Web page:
|Headquarters||Mountain View, California|
|Services||Satellite imagery, video, and analytics of Earth|
Number of employees
Terra Bella (formerly Skybox Imaging) is a Planet Labs subsidiary providing commercial high-resolution Earth observation satellite imagery, high-definition video and analytics services. The Mountain View, California-based company was founded in 2009 by Dan Berkenstock, Julian Mann, John Fenwick, and Ching-Yu Hu, and was acquired by Google in 2014. On April 18, 2017, Google completed the sale of Terra Bella and its SkySat satellite constellation to Planet Labs and entered into a multi-year agreement to purchase SkySat imaging data.
The resolution of the SkySat satellite imagery and videos is high enough to observe objects that impact the global economy such as terrain, cars and shipping containers. Terra Bella says its satellites can capture video clips lasting up to 90 seconds at 30 frames per second. The high-definition satellite video from SkySat satellites “could help us understand our world better by analyzing movement of goods and people, providing visual data about supply chains, shipping, industrial plant activity, and even humanitarian relief efforts.”
The company's goal is to be able to provide high-resolution satellite imagery of any place on Earth multiple times a day. Skybox planned to “change the nature” of the satellite industry by building satellites with “off-the-shelf” electronics that cost under $50 million.
The SkySat satellites are based on the CubeSat concept with optimized design using inexpensive automotive grade electronics, as well as fast commercially available processors. The cameras use two-dimensional imaging sensors.
On November 21, 2013, their first satellite, SkySat-1, was launched on a Dnepr rocket from Yasny, Russia. On July 8, 2014, Skybox's second satellite, SkySat-2, launched on a Soyuz-2/Fregat rocket from Baikonur, Kazakhstan. The company plans to eventually launch a fleet of 24 satellites.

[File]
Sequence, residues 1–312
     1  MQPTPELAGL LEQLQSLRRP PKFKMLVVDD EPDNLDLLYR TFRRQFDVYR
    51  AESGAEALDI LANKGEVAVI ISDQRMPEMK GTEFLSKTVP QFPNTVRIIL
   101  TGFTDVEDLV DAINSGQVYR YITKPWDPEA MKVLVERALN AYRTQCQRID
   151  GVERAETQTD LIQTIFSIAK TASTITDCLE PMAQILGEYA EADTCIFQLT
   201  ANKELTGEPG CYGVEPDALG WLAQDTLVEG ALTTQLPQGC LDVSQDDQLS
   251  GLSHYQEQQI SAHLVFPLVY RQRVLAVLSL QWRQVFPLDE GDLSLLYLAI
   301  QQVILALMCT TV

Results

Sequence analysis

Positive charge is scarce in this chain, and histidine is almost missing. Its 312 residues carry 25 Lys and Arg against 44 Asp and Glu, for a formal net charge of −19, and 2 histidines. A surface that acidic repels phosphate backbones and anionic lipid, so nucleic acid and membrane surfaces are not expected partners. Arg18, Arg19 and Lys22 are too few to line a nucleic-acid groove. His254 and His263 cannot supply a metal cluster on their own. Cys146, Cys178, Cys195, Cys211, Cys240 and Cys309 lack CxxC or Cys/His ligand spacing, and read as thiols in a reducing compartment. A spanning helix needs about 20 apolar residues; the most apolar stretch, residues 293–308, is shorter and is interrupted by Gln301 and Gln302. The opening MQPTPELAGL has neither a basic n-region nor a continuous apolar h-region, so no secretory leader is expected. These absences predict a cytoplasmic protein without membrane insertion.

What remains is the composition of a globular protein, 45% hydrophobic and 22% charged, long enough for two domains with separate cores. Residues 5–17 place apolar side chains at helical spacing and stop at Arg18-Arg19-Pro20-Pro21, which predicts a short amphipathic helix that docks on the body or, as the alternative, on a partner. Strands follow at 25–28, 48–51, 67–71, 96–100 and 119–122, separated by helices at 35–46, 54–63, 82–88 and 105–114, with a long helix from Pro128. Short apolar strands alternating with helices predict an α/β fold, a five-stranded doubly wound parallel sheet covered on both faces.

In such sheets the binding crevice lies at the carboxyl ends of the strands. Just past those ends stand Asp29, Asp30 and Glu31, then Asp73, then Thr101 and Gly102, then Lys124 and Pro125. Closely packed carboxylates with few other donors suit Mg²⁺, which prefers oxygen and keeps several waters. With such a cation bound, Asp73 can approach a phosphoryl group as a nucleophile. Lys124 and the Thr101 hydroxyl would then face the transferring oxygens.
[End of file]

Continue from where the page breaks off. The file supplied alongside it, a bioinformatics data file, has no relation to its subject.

On December 11, 2013, the first images captured by the SkySat-1 satellite, of Perth, Abu Dhabi, and the coast of Somalia, were released. On July 10, 2014, the first images captured by SkySat-2 were released within 48 hours of launch.
On February 10, 2014, SSL announced that Skybox had awarded SSL a contract to build 13 satellites based on a revised "SkySat C" design. The first of these, Skysat-3, also referred to as SkySat-C1, was launched on June 22, 2016 by ISRO on PSLV flight C34, with contract for four more satellites to launch.[not in citation given] Arianespace was contracted to launch four Skybox Imaging satellites in 2016, using the Vega small launch vehicle, and Orbital ATK will launch six in 2017 with their Minotaur-C rocket. In April of that year, they were named no. 1 on Inc. magazine's 25 Most Audacious Companies in 2014.
On March 8, 2016, Google announced that Skybox Imaging had changed its name to "Terra Bella", to indicate its focus on image analytics. The new name was partially based on the Terra Bella Ave. in Mountain View, California, where the company's headquarters are located.